What is Network Function Virtualisation (NFV)?
NFV or Network Function Virtualisation is the concept of replacing the dedicated network appliances (such as routers and firewalls within a business’s own premises) with separate software which takes on these roles but within commercial servers that are run and managed from a separate location. It was born in 2012 when the ‘NFV Call to Action’ document was introduced.
The aim of NFV is to transform the way communication service providers (CSPs) architect networks and deliver network services. Network operations are transformed in various network locations as needed, without requiring installation of new equipment.
NFV offers a number of major benefits to network providers over more traditional SDN (software Defined Networks).
Benefits of NFV
Outlay on physical networking equipment and overhead costs of running and maintaining the network are significantly reduced with NFV. By utilising dedicated server centres, service providers no longer carry the costs associated with running the equipment. This saves them maintenance and staffing costs required and is one of the most significant benefits of NFV for service providers.
Hardware costs are reduced by using shared servers rather than hosting dedicated appliances and operational costs are reduced by having less equipment to maintain.
The flexibility of NFV means that when service providers need to quickly deploy new or additional services, they don’t need to be physically installed and added to any existing physical infrastructure.
As newer consumption-based, pay-as-you-go models increase in popularity, businesses need to be able to scale their resources up and down depending on demand and existing fixed networks architecture are no longer flexible enough to cope with today’s networking needs.
NFV will provide the flexibility where existing fixed networks do not.
In order to adapt quickly to users’ changing usage needs as well as provide and offer new services, operators are able to use NFV to scale their network architecture across multiple servers rather than being restricted by one box.
This will become especially important as operators move into providing services for internet of things and similar technologies.
Security continues to be a major challenge in networking and NFV could provide some improvement where existing physical infrastructure may not. Because operators want to have the flexibility to manage their networks whilst allowing clients and customers the ability to manage and run their own virtual space within the network it could potentially leave areas vulnerable to security threats.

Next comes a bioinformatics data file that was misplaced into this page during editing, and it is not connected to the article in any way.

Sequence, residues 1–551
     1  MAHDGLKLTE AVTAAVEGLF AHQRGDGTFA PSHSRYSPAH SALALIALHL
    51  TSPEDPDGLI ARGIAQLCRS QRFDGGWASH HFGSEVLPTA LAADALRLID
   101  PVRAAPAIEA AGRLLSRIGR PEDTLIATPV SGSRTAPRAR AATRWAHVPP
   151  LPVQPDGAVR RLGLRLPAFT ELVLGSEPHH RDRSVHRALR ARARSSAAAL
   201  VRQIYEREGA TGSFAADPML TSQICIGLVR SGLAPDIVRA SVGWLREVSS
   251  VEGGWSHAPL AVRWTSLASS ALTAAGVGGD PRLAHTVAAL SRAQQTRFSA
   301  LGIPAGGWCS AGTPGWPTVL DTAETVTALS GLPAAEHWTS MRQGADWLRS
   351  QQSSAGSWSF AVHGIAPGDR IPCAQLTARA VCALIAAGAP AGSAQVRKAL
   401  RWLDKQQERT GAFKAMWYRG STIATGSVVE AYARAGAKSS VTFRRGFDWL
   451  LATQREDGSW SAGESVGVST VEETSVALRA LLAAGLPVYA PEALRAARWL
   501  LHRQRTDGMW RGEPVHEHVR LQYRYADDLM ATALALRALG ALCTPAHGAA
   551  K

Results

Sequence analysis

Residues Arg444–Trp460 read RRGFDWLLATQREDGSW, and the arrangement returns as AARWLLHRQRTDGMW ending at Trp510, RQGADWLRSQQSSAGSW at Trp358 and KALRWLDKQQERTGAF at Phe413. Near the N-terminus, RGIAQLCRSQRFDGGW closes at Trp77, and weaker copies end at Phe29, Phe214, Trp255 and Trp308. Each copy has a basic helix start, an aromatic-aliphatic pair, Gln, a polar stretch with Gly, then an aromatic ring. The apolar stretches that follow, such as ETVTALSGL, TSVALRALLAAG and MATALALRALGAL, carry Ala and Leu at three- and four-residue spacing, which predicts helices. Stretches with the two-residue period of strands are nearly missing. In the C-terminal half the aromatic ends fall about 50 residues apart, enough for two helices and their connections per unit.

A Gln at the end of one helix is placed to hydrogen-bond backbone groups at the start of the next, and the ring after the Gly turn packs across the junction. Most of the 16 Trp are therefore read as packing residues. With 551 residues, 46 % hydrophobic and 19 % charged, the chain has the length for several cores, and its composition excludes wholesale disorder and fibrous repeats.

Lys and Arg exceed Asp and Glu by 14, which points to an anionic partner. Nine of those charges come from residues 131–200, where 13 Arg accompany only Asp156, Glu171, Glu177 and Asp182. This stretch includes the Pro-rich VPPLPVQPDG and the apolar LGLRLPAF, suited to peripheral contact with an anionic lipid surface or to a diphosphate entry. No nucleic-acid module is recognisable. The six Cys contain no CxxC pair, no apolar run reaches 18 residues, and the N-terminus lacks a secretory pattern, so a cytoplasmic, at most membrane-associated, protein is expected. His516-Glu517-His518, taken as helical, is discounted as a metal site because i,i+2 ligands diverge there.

Where NFV provides more control and flexibility to network operators, it enables security capabilities that are simply not possible or cost-effective in a traditional environment. For example, service providers can roll out tap-as-a-service capabilities, allowing them to see real-time traffic flows on more parts of the network than previously possible. Centralized control via SDN enables operators to have a real-time, global network view, which is useful for detecting network anomalies and increasing security.
Limitations of NFV
Like most new technologies that are introduced in the telecommunications industry, a large portion of improvements are made, but often with a few downsides to accompany them. Because NFV is a function of SDN, unfortunately it suffers from some of the same limitations.
Some of the specific challenges facing NFV going forward include:
- Having to coexist in a cloud-integrated hybrid environment with physical devices can cause performance issues
- Unlike conventional IT environments, NFV requires managing IT outside of the enterprises own premises, which removes an element of controllability
- NFV environments are more dynamic than traditional ones, which might require scaling up with additional features to cope which adds costs to the business
- NFV also demands a process realignment so that traditional and virtual infrastructure can be managed simultaneously
Meeting the challenges of NFV
Moving towards a full NFV transition is not something that will happen immediately, or possibly, ever. That’s because it may always be more beneficial for customers with high-scale requirements to run from a physical network. Instead, legacy networks that are currently in place within many organisations will continue to remain in place for a significant period of time.
The transition may also not be cheap or easy as existing infrastructure will need to be de-installed and removed. The key to this problem may well come from further acquisition of legacy equipment that lends itself to a next-generation migration by aligning with the demands of the new technologies.
In order to meet the requirements of a transition towards virtualization, architecture must provide:
- Support for dynamic, real-time network and service changes in response to network events
- Interworking with SDN controllers
- Support for a modelling approach to network services
- Interworking with network orchestration platforms
- Separation of network configuration and management of network state
Although still in its early conception, NFV looks to be more widely adopted as a cheaper, more flexible and more scalable alternative to traditional infrastructure. It has already begun to converge with existing legacy equipment and we can be sure that it won’t be long before we see a large surge in NFV adoption.
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